Alice Campbell Havre Daily News firstname.lastname@example.org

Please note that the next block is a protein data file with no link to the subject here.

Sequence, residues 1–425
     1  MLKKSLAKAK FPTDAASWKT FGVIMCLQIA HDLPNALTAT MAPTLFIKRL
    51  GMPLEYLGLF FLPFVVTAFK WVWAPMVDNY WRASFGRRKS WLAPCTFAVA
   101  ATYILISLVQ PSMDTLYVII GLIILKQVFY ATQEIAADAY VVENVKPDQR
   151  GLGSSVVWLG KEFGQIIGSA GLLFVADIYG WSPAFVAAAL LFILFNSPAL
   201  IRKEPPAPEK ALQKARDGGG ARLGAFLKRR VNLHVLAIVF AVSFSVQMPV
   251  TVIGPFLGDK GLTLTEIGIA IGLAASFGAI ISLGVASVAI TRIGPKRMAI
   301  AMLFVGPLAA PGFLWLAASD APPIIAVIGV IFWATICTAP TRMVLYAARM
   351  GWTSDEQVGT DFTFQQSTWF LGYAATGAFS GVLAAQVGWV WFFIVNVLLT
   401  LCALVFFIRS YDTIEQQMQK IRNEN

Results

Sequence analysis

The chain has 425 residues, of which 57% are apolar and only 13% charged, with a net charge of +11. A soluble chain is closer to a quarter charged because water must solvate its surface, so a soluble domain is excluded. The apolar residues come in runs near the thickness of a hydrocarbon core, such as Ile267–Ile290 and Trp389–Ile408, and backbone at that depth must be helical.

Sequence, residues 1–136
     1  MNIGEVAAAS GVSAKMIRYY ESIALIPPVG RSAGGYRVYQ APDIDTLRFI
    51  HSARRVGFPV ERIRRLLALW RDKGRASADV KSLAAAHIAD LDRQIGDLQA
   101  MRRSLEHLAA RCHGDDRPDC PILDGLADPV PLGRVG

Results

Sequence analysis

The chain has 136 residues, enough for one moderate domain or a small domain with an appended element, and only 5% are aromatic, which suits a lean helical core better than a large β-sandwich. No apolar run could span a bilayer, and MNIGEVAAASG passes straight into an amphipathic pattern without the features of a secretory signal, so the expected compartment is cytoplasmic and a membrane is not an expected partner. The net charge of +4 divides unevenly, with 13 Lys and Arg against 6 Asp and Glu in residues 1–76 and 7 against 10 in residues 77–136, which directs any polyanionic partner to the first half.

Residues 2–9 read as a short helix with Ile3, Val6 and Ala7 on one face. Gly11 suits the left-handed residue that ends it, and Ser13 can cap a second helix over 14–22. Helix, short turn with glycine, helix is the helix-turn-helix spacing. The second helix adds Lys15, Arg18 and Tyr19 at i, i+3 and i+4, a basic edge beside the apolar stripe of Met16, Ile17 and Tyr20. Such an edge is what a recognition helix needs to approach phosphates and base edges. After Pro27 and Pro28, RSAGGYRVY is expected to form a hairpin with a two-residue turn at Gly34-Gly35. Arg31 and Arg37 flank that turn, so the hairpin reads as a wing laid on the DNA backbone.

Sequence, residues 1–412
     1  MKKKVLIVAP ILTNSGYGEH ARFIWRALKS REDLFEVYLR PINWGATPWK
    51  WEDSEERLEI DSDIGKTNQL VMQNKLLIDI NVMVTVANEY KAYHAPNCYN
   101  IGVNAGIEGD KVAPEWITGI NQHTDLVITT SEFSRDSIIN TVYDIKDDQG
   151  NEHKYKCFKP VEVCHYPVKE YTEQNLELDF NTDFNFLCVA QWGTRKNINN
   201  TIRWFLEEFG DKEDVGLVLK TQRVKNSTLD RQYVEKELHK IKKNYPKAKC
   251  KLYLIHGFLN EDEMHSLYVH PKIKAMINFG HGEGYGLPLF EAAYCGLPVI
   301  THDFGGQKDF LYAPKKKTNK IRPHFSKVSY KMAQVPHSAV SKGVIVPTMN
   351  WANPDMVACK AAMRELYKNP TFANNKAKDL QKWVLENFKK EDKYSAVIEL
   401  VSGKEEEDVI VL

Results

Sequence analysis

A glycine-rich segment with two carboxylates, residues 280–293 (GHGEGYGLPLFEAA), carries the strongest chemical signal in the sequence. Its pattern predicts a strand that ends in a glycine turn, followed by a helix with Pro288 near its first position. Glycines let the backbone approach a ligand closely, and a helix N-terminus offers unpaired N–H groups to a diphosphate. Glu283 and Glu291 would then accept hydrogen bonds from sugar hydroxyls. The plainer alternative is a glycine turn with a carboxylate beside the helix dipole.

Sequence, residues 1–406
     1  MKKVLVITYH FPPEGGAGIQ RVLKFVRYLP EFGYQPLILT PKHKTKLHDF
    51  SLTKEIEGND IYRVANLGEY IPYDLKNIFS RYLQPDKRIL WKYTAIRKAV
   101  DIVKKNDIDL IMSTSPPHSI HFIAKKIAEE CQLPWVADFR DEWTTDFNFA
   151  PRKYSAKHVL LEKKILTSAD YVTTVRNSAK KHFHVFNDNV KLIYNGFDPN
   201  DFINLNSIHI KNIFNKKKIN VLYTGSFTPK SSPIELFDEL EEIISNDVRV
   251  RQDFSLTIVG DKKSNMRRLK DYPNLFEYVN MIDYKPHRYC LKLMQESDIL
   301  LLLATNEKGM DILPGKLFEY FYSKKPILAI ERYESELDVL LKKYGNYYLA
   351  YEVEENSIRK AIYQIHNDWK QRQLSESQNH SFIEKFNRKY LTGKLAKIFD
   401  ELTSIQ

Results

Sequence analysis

People who might not have had fresh vegetables this summer enjoyed a bounty of various kinds thanks to a Community Garden plot and the new Plant A Row program. In its first year, the Plant A Row program went well, said Penny Velk, the Havre Food Bank's director. Approximately 20 area gardeners planted extra vegetables to donate to the food bank, bringing in roughly 500 pounds worth. Seeds were made available at the start of the program, Velk said, but some people who didn't take seeds still brought in produce. Recipients of the vegetables were given an assortment of tomatoes, cucumbers, radishes, lettuce, squashes, green beans, onions and even pumpkins. The Community Garden plot, a separate Endeavor supervised by Velk, also produced well, with hundreds of pounds worth of tomatoes harvested, along with hundreds more pounds of an assortment of various peppers and other vegetables, including squashes, onions, cabbage and herbs. Many of the starter plants were donated by Bob Doney and Wal-Mart, Velk said. "Without Bob Doney's donation from his greenhouse, we would not have had a garden," she said. Most of the vegetables already have been given out to area residents, but there are still tomatoes, some still not ripened completely, and a few peppers, Velk said. Along with the vegetables, Velk said, recipes were given to recipients for some creative ways to prepare different types. She even cooked some of the more unusual squashes to show how they could be prepared and provide a taste to let people test if they would like them or not. Velk said she plans to plant both the Community Garden plots next year instead of just the one that was cultivated this summer. With both planted, a surplus could be grown and sold at the local farmers' market. Proceeds from those sales would be used to improve the plots, she said. Velk is busy planning for more community outreach for the next growing season, she said, to increase awareness about the Community Garden plot and Plant A Row programs and how people can help. Some volunteers helped with the planting, and there was one steady volunteer who helped weed, but it would be nice to have more helpers next year, Velk said. Most help is needed during planting, she said, but all help throughout the season is welcome. While the earth is resting, the food bank is not. The demand is increasing, Velk said, with 1,331 people seeking perishables in August and 1325 in September. Workers distributed 180 boxes of food this September, up 50 boxes from last September. A lot of elderly in the community are coming to the food bank for the first time, Velk said, with 76 senior citizens coming this September versus the 45 that sought aid last year at the same time. "I think that population is finally kind of putting their pride aside and saying, 'Yeah, I need help,'" she said. Some produce comes in from Gary & Leo's Fresh Foods and area donors, but the cupboards are looking a little bare, even when it comes to staples like canned soup, between shipments from the state food bank, Velk said. To help, people can perform a number of different functions, Velk said. Volunteers don't have to lift anything; there are plenty of other activities to do, she said. And monetary donations or donations of food are always welcome, she said. Velk gave a "thank you to the community for their support; we couldn't do it without their support and their contributions." For more information, call Velk at 265-2007, or drop by the food bank between the hours of 11 a.m. and 2 p.m., Monday through Friday, with the additional hours of 5:30-6:30 p.m. Wednesdays. Suggestions are welcome, Velk said.